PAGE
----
The complete and comprehensive list can be seen at https://docs.microsoft.com/en-us/ef/core/providers/. We will be working with SQL Server on Windows for our learning purposes, so let’s install the SQL Server package for Entity Framework Core. To do so, let’s install the Microsoft.EntityFrameworkCore.SqlServer package from the NuGet Package Manager in Visual Studio 2017. Right-click on the project. Select Manage Nuget Packages and then search for Microsoft.EntityFrameworkCore.SqlServer. Select the matching result and click Install:

microsoft entity framework
  1. Next, we will create a class called Context, as shown here:
    public class Context : DbContext
        public DbSet<Person&gt; Persons { get; set; }
protected override void OnConfiguring(DbContextOptionsBuilder 
//// Get the connection string from configuration 
protected override void OnModelCreating(ModelBuilder 

The class looks quite simple, but it has the following subtle and important things to make note of:

    • The Context class derives from DbContext, which resides in the Microsoft.EntityFrameworkCore namespace. DbContext is an integral part of EF Core and if you have worked with EF, you will already be aware of it. An instance of DbContext represents a session with the database and can be used to query and save instances of your entities. DbContext is a combination of the Unit Of Work and Repository Patterns. Typically, you create a class that derives from DbContext and contains Microsoft.EntityFrameworkCore.DbSet properties for each entity in the model.
    • If properties have a public setter, they are automatically initialized when the instance of the derived context is created.
    • It contains a property named Persons (plural of the model class Person) of type DbSet<Person&gt;. This will map to the Persons table in the underlying database.
    • The class overrides the OnConfiguring method of DbContext and specifies the connection string to be used with the SQL Server database. The connection string should be read from the configuration file, appSettings.json, but for the sake of brevity and simplicity, it’s hardcoded in the preceding code. The OnConfiguring method allows us to select and configure the data source to be used with a context using DbContextOptionsBuilder. Let’s look at the connection string. Server= specifies the server. It can be .\SQLEXPRESS, .\SQLSERVER, .\LOCALDB, or any other instance name based on the installation you have done. Database= specifies the database name that will be created. Trusted_Connection=True specifies that we are using integrated security or Windows authentication. An enthusiastic reader should read the official Microsoft Entity framework documentation on configuring the context at https://docs.microsoft.com/en-us/ef/core/miscellaneous/configuring-dbcontext.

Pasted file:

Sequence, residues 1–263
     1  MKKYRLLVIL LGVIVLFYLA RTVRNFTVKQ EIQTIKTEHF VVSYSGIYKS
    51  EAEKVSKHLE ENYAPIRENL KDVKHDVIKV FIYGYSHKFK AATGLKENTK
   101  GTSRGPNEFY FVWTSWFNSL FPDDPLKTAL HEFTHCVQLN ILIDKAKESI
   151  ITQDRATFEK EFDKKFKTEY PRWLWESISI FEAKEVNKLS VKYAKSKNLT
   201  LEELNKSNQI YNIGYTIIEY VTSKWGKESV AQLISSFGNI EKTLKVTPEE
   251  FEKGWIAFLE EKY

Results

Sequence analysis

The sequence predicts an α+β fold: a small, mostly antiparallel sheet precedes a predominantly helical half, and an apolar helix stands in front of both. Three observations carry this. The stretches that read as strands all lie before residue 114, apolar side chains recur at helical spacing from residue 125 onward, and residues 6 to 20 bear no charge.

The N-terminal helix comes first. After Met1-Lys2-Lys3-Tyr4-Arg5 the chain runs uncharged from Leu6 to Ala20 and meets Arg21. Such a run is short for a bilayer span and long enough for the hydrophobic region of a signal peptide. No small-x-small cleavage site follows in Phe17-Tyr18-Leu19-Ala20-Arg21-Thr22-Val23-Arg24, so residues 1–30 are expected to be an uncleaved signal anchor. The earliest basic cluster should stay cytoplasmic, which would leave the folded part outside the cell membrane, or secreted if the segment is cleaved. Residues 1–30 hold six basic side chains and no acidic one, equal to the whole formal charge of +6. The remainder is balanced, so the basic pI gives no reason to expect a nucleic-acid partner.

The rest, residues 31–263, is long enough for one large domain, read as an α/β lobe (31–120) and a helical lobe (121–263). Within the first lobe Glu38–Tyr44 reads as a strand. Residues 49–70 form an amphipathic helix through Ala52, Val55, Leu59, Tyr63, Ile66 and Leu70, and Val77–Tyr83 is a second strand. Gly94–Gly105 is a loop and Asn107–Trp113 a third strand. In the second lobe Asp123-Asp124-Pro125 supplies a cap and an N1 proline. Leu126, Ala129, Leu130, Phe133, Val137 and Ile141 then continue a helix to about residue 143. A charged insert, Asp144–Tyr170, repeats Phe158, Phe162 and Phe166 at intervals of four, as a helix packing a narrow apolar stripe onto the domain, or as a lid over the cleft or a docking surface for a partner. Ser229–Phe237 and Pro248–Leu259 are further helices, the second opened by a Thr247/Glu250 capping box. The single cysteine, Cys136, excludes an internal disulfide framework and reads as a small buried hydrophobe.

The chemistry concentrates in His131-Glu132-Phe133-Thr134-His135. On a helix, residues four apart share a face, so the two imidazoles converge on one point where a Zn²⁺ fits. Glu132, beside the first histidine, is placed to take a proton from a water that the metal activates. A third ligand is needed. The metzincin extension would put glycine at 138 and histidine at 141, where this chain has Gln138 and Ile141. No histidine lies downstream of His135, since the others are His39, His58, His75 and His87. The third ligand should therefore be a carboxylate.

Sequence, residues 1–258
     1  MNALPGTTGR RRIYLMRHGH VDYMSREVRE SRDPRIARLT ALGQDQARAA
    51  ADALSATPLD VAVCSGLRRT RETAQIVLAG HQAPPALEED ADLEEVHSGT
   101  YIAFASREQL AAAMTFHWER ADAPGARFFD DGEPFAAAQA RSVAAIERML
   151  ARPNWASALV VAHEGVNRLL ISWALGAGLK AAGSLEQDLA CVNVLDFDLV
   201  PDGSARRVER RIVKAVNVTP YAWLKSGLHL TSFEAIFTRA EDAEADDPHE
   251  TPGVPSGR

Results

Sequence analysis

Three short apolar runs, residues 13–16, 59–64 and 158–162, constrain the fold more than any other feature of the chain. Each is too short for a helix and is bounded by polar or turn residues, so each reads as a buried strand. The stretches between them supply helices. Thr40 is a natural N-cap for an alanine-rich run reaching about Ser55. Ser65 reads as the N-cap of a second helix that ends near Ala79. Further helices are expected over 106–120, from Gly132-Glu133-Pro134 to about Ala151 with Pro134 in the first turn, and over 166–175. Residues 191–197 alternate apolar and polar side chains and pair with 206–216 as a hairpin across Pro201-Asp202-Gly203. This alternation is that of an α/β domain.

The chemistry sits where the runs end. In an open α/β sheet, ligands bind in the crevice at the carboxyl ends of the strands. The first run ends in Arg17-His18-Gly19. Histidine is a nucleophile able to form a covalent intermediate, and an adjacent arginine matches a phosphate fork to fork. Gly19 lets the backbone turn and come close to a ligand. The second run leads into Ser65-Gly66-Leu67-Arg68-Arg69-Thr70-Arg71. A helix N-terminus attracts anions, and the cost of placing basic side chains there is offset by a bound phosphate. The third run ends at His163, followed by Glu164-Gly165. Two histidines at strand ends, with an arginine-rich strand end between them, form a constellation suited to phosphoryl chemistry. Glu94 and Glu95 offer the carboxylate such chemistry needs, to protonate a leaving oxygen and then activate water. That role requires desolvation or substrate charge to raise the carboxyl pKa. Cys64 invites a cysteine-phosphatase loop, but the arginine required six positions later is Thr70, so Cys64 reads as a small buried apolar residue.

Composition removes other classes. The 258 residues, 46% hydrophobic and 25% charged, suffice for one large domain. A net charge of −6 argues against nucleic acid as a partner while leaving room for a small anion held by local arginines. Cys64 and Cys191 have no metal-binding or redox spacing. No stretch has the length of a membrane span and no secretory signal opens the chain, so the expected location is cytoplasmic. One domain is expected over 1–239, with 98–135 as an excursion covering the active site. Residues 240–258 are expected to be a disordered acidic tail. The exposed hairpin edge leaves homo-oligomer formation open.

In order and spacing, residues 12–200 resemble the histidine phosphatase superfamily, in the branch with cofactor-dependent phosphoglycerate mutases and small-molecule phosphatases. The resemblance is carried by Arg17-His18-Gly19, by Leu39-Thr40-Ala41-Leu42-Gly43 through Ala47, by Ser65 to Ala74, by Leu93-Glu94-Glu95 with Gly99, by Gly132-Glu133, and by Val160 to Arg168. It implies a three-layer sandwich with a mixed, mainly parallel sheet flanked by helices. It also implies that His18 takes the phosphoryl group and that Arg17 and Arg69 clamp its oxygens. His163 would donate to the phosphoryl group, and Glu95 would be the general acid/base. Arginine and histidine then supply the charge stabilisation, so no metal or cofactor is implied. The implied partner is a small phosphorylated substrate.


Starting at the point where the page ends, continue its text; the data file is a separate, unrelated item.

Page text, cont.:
•  The OnModelCreating method allows us to configure the model using the ModelBuilder Fluent API. This is the most powerful method of configuration and allows configuration to be specified without modifying the entity classes. The Fluent API configuration has the highest precedence and will override conventions and data annotations. The preceding code has same effect as the following data annotation has on the Name property in the Person class:
public string Name { get; set; }
  1. The preceding point highlights the flexibility and configuration that EF Core brings to the table. EF Core uses a combination of conventions, attributes, and Fluent API statements to build a database model at runtime. All we have to do is to perform actions on the model classes using a combination of these and they will automatically be translated to appropriate changes in the database. Before we conclude this point, let’s have a quick look at each of the different ways to configure a database model:
    • EF Core conventions: The conventions in EF Core are comprehensive. They are the default rules by which EF Core builds a database model based on classes. A few of the simpler yet important default conventions are listed here:
      • EF Core creates database tables for all DbSet<TEntity&gt; properties in a Context class with the same name as that of the property. In the preceding example, the table name would be Persons based on this convention.